And the crowds asked [John the Baptizer], “What then should we do?” In reply he said to them, “Whoever has two coats must share with anyone who has none; and whoever has food must do likewise.” Even tax collectors came to be baptized, and they asked him, “Teacher, what should we do?” He said to them, “Collect no more than the amount prescribed for you.” Soldiers also asked him, “And we, what should we do?” He said to them, “Do not extort money from anyone by threats or false accusation, and be satisfied with your wages.”
Comfort is mixed up with urgency again in this week’s lectionary. Zephaniah promises respite from the foreign invaders sweeping through Israel and Judah, while John warns that it’s time for his followers to get serious about turning their repentance into action (“you brood of vipers!”). There are simple actions that soldiers, tax collectors, and wealthy people can take to create a more just world — and in some places, those who are least able to afford those actions are already taking them.
The text and music of “Cuando el pobre” (“When the Poor Ones”) were written by José Antonio Olivar and Miguel Manzano, a pair of Spanish priests, for use in their Spanish-speaking Catholic congregations sometime after the Second Vatican Council. The hymn does not mention Jesus, but in its verses, it alludes to the description of the Last Judgment in Matthew 25, where Jesus says that those who helped the hungry, the thirsty, the sick, the imprisoned, and the stranger helped Jesus himself. There is a twist in this hymn, though: the people who help those in need are in need themselves. The thirsty pass the cup, the wounded heal, the poor are generous. The refrain may be a reference to the Emmaus Road journey in Luke, in which Jesus appears to two disciples as a fellow traveler. Multiple English translations of “Cuando el pobre” are in use across various Protestant hymnals today. If your congregation sings primarily in English, you may notice differences between these translations, some of which fit the melody better than others.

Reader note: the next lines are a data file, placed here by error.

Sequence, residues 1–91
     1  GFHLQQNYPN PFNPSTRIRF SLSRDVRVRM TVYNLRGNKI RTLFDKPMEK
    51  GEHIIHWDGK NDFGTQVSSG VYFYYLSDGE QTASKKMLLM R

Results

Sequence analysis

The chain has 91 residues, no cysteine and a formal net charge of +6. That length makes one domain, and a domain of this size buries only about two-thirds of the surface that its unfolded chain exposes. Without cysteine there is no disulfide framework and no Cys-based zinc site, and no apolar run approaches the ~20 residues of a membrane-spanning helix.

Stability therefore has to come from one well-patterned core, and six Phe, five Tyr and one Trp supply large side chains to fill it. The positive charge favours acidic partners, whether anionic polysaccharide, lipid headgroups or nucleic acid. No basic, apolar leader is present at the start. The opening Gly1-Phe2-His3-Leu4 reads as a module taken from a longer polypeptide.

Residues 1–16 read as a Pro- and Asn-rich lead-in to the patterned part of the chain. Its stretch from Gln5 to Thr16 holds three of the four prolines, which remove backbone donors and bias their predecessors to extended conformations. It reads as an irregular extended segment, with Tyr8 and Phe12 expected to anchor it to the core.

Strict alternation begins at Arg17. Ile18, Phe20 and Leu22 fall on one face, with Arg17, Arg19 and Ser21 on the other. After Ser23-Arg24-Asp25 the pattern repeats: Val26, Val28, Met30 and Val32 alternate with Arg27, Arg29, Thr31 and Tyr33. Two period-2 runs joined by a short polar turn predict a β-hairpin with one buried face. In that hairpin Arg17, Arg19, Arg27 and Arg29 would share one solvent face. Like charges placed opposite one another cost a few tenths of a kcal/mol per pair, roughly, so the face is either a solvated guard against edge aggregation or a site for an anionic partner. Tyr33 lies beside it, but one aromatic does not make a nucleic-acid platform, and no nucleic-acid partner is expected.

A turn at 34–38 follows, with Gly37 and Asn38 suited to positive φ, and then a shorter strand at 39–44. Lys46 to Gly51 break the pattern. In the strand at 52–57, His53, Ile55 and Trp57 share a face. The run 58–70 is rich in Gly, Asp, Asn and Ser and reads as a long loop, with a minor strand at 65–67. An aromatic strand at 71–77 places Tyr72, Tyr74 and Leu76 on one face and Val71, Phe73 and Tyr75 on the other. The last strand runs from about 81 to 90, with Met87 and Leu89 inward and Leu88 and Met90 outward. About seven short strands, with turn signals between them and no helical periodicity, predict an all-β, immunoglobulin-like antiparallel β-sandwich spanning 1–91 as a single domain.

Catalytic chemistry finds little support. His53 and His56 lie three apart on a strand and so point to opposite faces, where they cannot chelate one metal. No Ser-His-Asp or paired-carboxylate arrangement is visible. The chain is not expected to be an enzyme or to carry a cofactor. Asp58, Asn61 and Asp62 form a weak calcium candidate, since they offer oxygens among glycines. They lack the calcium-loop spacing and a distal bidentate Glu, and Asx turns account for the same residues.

In today’s gospel reading, the people ask John the Baptizer what they should do in the face of God’s sacred pruning. In response, John offers simple ways for everyone to help create a more just world. Even tax collectors and Roman soldiers can change how they behave toward others in their occupations. “Cuando el pobre” echoes this simple-yet-challenging turn toward just action. As a gentle melody folds sorrow and hope into the same breath, singers are invited into the work of God’s justice, following the leadership of some of society’s most marginalized people. Our engagement in God’s justice prepares the way of Christ, smooths the Advent highway, and reveals how deeply our world needs the fullness of Christ’s grace, mercy, and healing.
Bulletin version: “Cuando el pobre” (“When the Poor Ones”) was originally written in Spanish and resonates with the liberation theology of the twentieth century. Its words invite singers to observe generosity, kindness, and compassion among some of society’s most marginalized people before inviting singers to participate in the same spirit of generosity. Listen for similarities to John the Baptist’s message to the tax collectors and soldiers in today’s gospel.
Resources: You can learn more about this hymn in Paul Westermeyer’s Hymnal Companion to Evangelical Lutheran Worship (Augsburg Fortress, 2010), in C. Michael Hawn’s “History of Hymns: ‘When the Poor Ones’” (https://www.umcdiscipleship.org/resources/history-of-hymns-when-the-poor-ones), and in Diana Sanchez-Bushong’s “History of Hymns: ‘Cuando el pobre’” (https://www.umcdiscipleship.org/resources/history-of-hymns-cuando-el-pobre).